The Welsh Assembly has said a cull of around 4,000 sheep on the Brecon Beacons will begin on Friday.
The action was announced after blood tests on thousands of animals roaming free on the mid Wales national park confirmed traces of foot-and-mouth disease.
Thousands of sheep face slaughter
Farming leaders in Powys said they were worried about whether flocks on the hills can ever be successfully re-stocked.
The news of the mass slaughter comes on the same day Welsh Assembly Rural Affairs Minister Carwyn Jones and First Minister Rhodri Morgan announced a �65m rural recovery plan for the worst hit parts of the country.
Mass testing - which the Department for Environment, Food and Rural Affairs began on the weekend - was ordered after outbreaks were found at Libanus in the Beacons.
There were particularly high levels of foot-and-mouth antibodies in one of the five flocks of hefted animals - those which learn from and adapt to their environment over generations. Around 10,000 sheep roam the mountain.
Farming leaders said confirmation the disease had spread onto the hills came as a "devastating blow".
Crisis in Wales
Total confirmed cases UK-wide 1,888 - with 109 in Wales
Powys - 68 cases
Anglesey - 13 cases
Monmouthshire - 20 cases
Rhondda Cynon Taff - 1
Neath Port Talbot -1
Newport - 3
The positive test results were returned in the week the cancelled Royal Welsh Show was due to take place and fears over the future of agriculture and the tourism industry have now intensified.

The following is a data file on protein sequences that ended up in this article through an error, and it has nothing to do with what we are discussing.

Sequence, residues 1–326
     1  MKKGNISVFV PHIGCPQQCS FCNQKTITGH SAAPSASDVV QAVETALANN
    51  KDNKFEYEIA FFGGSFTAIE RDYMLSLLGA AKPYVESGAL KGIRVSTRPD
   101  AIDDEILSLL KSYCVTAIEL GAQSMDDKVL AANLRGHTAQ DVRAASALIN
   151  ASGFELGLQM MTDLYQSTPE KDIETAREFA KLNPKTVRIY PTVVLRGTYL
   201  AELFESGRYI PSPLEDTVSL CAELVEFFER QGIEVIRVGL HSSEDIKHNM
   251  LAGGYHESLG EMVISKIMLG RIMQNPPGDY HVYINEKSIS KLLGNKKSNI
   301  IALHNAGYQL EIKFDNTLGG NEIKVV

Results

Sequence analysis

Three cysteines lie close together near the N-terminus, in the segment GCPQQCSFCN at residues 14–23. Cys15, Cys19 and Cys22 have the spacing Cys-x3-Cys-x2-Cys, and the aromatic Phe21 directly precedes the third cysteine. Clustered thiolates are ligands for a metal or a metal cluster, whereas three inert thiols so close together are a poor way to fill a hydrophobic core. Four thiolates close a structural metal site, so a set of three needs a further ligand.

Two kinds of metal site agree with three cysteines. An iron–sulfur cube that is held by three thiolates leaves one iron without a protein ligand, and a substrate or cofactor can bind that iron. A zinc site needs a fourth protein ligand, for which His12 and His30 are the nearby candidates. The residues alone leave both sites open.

Carwyn Jones said the cull was unplesant but vital to try to stop the spread of foot-and-mouth.
"We are well aware that the loss of these hefted flocks will have serious environmental consequences for the Brecon Beacons," he said.
Meanwhile, the Farmers' Union of Wales said tourism and rural businesses would continue to suffer despite the announcement of a rescue package.
Businesses in the nine hardest hit local authorities will get �9m, while �4.2m will go toward tourism marketing and �10m toward environmental projects. Money will also help re-stock farms.
In a letter to Carwyn Jones, Brecon Beacons National Park chairman Brian Powdrill said vaccination would be a better solution than a cull.
He said: "We are facing a disaster that is rapidly turning into a tragedy.
"The disappearance of hefted flocks will have a disastrous effect on traditional land management in the area and wide ranging social and economic effects on the farming community."
But concerns in Wales continue to mount as as Prime Minister Tony Blair travels to Cumbria - another area badly affected by foot-and-mouth - to deliver an upbeat message.
He will tell tourist operators the worst of the disease is over and the government was doing all it can to help the industry.
Farmers in Cumbria, who have lost over 1.5m animals to farm culls, said the cull of 4,000 could be the start of a 100,000-strong slaughter in Wales.
They are awaiting test results from their own hefted flocks in the Lake District and said any remaining threat to livestock was a huge concern.